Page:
In 1981, Frederick Houk Borsch returned to Princeton University, his alma mater, to serve as dean of the chapel at the Ivy League school. In Keeping Faith at Princeton, Borsch tells the story of Princeton’s journey from its founding in 1746 as a college for Presbyterian ministers to the religiously diverse institution it is today. He sets this landmark narrative history against the backdrop of his own quest for spiritual illumination, first as a student at Princeton in the 1950s and later as campus minister amid the turmoil and uncertainty of 1980s America.
Borsch traces how the trauma of the Depression and two world wars challenged the idea of progress through education and religion — the very idea on which Princeton was founded. Even as the numbers of students gaining access to higher education grew exponentially after World War II, student demographics at Princeton and other elite schools remained all male, predominantly white, and Protestant. Then came the 1960s. Campuses across America became battlegrounds for the antiwar movement, civil rights, and gender equality. By the dawn of the Reagan era, women and blacks were being admitted to Princeton. So were greater numbers of Jews, Catholics, and others. Borsch gives an electrifying insider’s account of this era of upheaval and great promise.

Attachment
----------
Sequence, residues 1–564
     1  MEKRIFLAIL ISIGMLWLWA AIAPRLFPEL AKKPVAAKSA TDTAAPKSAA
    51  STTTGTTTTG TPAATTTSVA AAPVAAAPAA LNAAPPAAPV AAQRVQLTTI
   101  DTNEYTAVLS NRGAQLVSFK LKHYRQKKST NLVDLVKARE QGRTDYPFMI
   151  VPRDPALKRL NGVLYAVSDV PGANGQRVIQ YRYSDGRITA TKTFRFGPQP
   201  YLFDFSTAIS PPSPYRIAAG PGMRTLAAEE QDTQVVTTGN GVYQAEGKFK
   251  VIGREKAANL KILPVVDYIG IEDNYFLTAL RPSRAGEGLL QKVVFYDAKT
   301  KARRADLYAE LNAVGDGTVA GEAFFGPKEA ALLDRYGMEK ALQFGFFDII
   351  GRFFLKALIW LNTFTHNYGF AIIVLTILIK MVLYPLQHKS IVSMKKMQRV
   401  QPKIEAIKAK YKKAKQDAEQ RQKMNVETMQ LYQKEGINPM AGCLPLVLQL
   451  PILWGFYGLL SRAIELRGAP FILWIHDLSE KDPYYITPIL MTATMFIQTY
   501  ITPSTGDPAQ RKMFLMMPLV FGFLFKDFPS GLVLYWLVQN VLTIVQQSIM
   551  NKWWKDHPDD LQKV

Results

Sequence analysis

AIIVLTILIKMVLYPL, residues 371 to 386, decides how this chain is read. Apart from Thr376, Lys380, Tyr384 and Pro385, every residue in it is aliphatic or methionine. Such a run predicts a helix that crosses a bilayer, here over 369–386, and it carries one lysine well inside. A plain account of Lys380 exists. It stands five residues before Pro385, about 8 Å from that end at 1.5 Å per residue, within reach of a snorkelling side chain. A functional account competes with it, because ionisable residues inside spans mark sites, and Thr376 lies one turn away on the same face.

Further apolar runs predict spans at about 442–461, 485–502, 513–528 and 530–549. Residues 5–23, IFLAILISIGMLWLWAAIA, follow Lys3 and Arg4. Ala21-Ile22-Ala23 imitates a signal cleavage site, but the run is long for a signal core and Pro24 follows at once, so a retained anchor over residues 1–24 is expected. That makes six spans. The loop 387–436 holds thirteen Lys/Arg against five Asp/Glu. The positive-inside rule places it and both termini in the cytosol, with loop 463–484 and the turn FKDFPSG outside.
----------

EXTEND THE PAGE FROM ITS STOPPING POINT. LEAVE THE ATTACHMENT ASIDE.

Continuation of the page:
With warmth, clarity, and penetrating firsthand insights, Keeping Faith at Princeton demonstrates how Princeton and other major American universities learned to promote religious diversity among their students, teachers, and administrators.